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Figure 2. An immature female of Cheiracanthium mildei located in the cocoons of the calyx of pomegranate fruit in Bernalda (Basilicata region, southern Italy).
Figure 2. An immature female of Cheiracanthium mildei located in the cocoons of the calyx of pomegranate fruit in Bernalda (Basilicata region, southern Italy).
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Figure 3. Spiderweb effect trial. Pomegranate fruit cv. Mollar de Elche stored at 7 ± 1 °C and 90–95% RH showing (A) a Cheiracanthium mildei nest within the pomegranate calyx (arrow). (B) The percentage of infected stamens was evaluated after 2 and 4 months of cold storage; instead. (C) The percentage of external and internal rots was assessed after 4 months of cold storage. (D) Severity of internal rots, expressed according to the disease index empirical scale, was evaluated at the end of storage. Bars represent the standard errors of triplicated datasets (n = 15). For each parameter, columns with different letters are statistically different according to TMC (p ≤ 0.05).
Figure 3. Spiderweb effect trial. Pomegranate fruit cv. Mollar de Elche stored at 7 ± 1 °C and 90–95% RH showing (A) a Cheiracanthium mildei nest within the pomegranate calyx (arrow). (B) The percentage of infected stamens was evaluated after 2 and 4 months of cold storage; instead. (C) The percentage of external and internal rots was assessed after 4 months of cold storage. (D) Severity of internal rots, expressed according to the disease index empirical scale, was evaluated at the end of storage. Bars represent the standard errors of triplicated datasets (n = 15). For each parameter, columns with different letters are statistically different according to TMC (p ≤ 0.05).
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Figure 4. Scanning Electron Microscopy (SEM) images of Cheiracanthium mildei web. The web has (A) a layered, unordered structure, (B) the silk threads that compose it are ca. 2 µm in diameter, and meshes of the lattice structure range between 1 to 20 µm, on average.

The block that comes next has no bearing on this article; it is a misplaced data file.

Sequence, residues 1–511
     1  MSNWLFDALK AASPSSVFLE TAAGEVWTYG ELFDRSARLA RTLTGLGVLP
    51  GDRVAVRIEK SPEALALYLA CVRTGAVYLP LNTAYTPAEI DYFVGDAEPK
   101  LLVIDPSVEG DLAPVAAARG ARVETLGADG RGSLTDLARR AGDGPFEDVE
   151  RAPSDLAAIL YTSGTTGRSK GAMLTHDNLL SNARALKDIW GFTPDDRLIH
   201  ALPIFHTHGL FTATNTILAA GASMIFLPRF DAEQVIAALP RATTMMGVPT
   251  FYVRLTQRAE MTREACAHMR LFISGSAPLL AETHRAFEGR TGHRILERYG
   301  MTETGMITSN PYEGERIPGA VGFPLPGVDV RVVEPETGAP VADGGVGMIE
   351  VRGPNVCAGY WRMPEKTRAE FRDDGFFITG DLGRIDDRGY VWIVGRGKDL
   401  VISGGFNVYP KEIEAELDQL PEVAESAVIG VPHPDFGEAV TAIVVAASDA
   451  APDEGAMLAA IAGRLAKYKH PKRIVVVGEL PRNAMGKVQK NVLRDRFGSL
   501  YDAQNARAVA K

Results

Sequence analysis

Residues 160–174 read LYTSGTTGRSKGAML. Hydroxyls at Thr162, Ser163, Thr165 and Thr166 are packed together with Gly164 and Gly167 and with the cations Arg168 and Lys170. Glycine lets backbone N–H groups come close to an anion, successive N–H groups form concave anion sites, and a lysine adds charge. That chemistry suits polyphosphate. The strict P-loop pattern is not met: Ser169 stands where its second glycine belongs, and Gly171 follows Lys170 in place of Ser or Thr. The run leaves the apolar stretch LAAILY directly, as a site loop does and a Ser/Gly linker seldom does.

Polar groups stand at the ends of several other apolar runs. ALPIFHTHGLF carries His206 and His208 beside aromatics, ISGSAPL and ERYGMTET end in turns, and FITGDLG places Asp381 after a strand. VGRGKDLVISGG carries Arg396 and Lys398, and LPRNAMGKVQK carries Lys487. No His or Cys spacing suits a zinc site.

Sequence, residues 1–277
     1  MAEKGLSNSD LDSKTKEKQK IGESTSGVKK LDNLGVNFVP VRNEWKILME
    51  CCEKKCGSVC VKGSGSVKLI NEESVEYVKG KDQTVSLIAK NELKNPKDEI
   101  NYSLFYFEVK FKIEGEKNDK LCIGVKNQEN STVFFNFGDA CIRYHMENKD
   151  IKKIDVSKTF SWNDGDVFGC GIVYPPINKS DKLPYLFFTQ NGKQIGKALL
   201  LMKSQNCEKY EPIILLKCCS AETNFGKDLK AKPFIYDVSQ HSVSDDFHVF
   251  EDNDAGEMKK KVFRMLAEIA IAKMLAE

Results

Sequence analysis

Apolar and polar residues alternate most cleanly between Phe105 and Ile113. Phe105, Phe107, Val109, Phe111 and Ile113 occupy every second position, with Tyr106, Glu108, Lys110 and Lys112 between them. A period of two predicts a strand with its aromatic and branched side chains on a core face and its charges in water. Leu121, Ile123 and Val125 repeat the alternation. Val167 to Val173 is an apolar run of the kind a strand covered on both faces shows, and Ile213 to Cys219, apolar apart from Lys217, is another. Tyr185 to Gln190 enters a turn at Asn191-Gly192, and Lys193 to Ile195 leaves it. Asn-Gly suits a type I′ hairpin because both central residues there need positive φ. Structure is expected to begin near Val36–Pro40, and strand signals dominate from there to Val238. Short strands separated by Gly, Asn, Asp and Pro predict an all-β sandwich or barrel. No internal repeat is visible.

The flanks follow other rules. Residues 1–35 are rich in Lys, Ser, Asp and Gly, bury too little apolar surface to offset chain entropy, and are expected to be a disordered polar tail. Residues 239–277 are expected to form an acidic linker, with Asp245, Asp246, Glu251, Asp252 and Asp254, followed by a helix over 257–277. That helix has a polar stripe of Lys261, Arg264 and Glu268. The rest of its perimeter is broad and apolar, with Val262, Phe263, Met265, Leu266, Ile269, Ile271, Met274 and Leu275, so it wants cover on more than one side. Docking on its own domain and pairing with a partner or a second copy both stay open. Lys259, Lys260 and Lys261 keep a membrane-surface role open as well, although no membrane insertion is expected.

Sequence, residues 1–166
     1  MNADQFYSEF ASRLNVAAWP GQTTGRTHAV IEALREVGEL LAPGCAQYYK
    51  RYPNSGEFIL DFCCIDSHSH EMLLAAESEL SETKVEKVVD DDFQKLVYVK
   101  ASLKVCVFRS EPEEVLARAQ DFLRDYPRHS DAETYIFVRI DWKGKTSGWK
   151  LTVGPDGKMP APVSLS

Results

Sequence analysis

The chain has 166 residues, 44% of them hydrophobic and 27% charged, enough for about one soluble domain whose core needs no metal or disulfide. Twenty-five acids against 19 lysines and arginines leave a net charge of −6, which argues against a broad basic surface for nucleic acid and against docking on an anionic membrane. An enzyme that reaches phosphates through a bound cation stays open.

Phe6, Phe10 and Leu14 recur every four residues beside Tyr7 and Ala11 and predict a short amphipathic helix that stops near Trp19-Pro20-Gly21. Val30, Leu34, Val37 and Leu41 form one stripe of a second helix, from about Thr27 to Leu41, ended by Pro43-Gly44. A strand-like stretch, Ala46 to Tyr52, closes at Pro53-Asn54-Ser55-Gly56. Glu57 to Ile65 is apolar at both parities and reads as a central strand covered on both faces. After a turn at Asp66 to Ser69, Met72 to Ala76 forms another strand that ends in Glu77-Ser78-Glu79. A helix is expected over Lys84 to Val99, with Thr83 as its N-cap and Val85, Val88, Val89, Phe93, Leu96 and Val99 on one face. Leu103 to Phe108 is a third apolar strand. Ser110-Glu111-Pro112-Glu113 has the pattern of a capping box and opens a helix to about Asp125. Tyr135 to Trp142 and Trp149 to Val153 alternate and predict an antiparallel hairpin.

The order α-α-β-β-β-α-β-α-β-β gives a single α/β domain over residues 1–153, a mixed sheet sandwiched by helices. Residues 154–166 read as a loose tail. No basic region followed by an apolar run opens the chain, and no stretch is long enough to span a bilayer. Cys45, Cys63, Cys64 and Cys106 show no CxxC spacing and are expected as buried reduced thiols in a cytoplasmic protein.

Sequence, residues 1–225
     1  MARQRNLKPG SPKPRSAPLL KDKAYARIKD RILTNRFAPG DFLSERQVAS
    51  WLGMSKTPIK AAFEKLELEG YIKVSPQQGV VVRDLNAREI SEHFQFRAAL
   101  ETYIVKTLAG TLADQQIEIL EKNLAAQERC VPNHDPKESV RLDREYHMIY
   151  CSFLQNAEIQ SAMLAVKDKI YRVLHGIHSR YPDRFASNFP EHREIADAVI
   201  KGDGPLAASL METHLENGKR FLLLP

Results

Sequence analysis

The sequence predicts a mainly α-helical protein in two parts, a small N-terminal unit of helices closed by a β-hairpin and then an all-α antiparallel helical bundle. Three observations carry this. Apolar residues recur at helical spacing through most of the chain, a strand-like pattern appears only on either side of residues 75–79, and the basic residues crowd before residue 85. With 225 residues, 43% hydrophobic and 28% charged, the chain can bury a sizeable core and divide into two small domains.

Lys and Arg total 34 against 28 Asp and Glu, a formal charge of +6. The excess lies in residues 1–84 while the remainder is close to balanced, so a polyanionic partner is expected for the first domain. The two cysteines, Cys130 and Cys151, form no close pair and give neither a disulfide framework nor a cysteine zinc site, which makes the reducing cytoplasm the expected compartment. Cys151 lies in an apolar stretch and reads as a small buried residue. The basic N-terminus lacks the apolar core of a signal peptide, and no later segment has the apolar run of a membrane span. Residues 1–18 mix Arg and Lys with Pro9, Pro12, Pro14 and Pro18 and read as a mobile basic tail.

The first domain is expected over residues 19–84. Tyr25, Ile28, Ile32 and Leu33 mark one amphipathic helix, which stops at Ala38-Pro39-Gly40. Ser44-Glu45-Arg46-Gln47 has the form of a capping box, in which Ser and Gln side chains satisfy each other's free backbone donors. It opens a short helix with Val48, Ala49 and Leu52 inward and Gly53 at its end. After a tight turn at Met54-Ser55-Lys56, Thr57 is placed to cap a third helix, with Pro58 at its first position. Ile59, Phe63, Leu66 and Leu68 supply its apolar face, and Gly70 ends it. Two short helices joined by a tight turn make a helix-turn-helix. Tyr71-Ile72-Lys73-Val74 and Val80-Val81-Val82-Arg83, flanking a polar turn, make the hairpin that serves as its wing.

Figure 4. Scanning Electron Microscopy (SEM) images of Cheiracanthium mildei web. The web has (A) a layered, unordered structure, (B) the silk threads that compose it are ca. 2 µm in diameter, and meshes of the lattice structure range between 1 to 20 µm, on average.
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MDPI and ACS Style

Mincuzzi, A.; Picciotti, U.; Sanzani, S.M.; Garganese, F.; Palou, L.; Addante, R.; Ragni, M.; Ippolito, A. Postharvest Diseases of Pomegranate: Alternative Control Means and a Spiderweb Effect. J. Fungi 2023, 9, 808.

AMA Style

Mincuzzi A, Picciotti U, Sanzani SM, Garganese F, Palou L, Addante R, Ragni M, Ippolito A. Postharvest Diseases of Pomegranate: Alternative Control Means and a Spiderweb Effect. Journal of Fungi. 2023; 9(8):808.

Chicago/Turabian Style

Mincuzzi, Annamaria, Ugo Picciotti, Simona Marianna Sanzani, Francesca Garganese, Lluís Palou, Rocco Addante, Marco Ragni, and Antonio Ippolito. 2023. "Postharvest Diseases of Pomegranate: Alternative Control Means and a Spiderweb Effect" Journal of Fungi 9, no. 8: 808.